Best Recipes to Pair with German Pinot Wines

A recipe for every variety

"Pinot" may not be one of the first words that comes to mind when you think of German wine, but Germany produces three Pinot grapes: Pinot Gris, Pinot Blanc and Pinot Noir. In fact, the country ranks third worldwide (after France and the United States) for vineyard area devoted to Pinot Noir—known here as Spätburgunder—third worldwide for vineyard area devoted to Pinot Gris—or Grauburgunder—and is the world's leading producer of Pinot Blanc—or Weissburgunder.

Each German Pinot is unique in color, tasting notes and grape age. Translation: They all pair with different foods. Below, a cheat sheet for just the right companion for any Pinot you pick.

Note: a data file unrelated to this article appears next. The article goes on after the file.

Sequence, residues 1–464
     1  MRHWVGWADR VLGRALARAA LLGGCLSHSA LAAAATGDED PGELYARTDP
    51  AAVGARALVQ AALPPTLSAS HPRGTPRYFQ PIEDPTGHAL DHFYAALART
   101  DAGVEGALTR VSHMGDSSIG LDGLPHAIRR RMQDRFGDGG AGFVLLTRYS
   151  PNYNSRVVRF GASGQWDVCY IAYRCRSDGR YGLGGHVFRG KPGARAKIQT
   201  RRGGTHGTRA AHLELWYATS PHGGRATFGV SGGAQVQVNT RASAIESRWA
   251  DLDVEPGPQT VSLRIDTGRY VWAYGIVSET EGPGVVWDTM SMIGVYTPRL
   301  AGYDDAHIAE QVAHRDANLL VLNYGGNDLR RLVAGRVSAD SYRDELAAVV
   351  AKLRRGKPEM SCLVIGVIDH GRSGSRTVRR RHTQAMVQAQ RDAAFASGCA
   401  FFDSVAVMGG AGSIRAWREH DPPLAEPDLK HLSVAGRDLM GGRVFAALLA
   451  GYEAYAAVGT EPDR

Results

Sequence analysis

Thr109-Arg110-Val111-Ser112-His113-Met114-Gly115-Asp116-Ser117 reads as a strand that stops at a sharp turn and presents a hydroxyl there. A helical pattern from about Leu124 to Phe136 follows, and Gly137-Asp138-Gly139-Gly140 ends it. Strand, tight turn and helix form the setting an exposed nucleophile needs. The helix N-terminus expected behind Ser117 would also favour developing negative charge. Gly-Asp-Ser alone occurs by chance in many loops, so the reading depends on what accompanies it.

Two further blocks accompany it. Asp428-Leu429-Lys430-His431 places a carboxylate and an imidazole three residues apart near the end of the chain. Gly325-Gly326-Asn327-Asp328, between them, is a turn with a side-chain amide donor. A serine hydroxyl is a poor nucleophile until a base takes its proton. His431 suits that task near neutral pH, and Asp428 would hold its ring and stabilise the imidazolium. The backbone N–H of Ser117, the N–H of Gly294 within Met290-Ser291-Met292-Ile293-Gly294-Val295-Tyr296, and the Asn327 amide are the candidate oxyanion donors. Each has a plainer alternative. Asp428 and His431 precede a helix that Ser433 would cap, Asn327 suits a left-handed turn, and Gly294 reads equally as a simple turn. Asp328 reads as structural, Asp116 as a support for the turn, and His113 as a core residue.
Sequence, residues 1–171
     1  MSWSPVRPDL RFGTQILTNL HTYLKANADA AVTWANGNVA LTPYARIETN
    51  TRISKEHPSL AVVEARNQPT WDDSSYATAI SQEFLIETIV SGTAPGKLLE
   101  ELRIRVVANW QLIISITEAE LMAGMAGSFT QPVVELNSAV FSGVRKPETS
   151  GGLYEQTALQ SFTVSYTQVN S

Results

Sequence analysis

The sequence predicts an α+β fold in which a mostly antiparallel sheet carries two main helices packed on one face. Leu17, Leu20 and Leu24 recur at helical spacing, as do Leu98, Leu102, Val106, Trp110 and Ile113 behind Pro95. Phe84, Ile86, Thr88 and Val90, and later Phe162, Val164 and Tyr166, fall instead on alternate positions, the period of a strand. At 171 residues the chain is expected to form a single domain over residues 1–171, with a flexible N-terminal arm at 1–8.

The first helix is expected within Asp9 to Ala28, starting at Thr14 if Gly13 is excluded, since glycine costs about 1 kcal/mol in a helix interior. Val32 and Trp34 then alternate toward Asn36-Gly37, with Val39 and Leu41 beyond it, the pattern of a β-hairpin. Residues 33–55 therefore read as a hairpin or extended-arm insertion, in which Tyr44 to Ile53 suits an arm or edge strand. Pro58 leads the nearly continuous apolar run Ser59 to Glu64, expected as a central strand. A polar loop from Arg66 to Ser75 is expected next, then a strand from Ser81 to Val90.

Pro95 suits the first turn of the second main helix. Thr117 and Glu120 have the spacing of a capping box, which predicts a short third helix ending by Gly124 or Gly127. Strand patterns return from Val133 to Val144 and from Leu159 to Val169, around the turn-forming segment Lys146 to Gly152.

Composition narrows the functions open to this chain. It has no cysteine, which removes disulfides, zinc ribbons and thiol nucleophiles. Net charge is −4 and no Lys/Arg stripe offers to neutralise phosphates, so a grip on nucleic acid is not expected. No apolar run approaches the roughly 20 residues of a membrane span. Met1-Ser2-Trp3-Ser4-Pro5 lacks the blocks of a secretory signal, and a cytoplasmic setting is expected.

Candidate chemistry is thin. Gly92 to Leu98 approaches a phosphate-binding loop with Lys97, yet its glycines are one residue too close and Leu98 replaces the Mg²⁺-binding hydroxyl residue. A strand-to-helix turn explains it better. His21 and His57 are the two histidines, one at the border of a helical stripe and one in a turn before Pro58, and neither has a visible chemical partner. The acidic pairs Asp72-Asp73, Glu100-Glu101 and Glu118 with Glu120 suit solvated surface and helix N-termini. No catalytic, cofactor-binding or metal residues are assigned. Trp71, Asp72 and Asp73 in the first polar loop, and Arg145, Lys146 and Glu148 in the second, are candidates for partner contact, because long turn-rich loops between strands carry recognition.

The Ideal Food Wine

Light straw in color and delicate on the nose, Weissburgunder (Pinot Blanc) was made for pairing. The variety can be medium or full bodied, with a light fruitiness and fresh acidity; it stands up nicely to a flavorful Shrimp Pad Thai or a punchy Smashed Cucumber Salad with chile oil.

Your New Favorite Summer Wine

Grauburgunder, or Pinot Gris, offers all of the things you want in a summer wine: It's light and dry with a lively acidity. Complement the crisp, yellow–toned wine with a bright Dukkah–Crusted Halibut with Warm Israeli Couscous, highlighted with the nutty Egyptian spice blend, or a super–crisp Apple, Radish and Fennel Salad with Hazelnuts and Mint.

The Wine for Making Bold Moves

Hearty dishes like Roast Pork Tenderloin with Fennel–Citrus Salad and Chile–Garlic Broiled Salmon with Ginger Yogurt Sauce call for an equally incredible wine. Enter Spätburgunder (Pinot Noir), which is typically dry, slightly tannic, with a mild acidity and aromas of blackberry and cherry.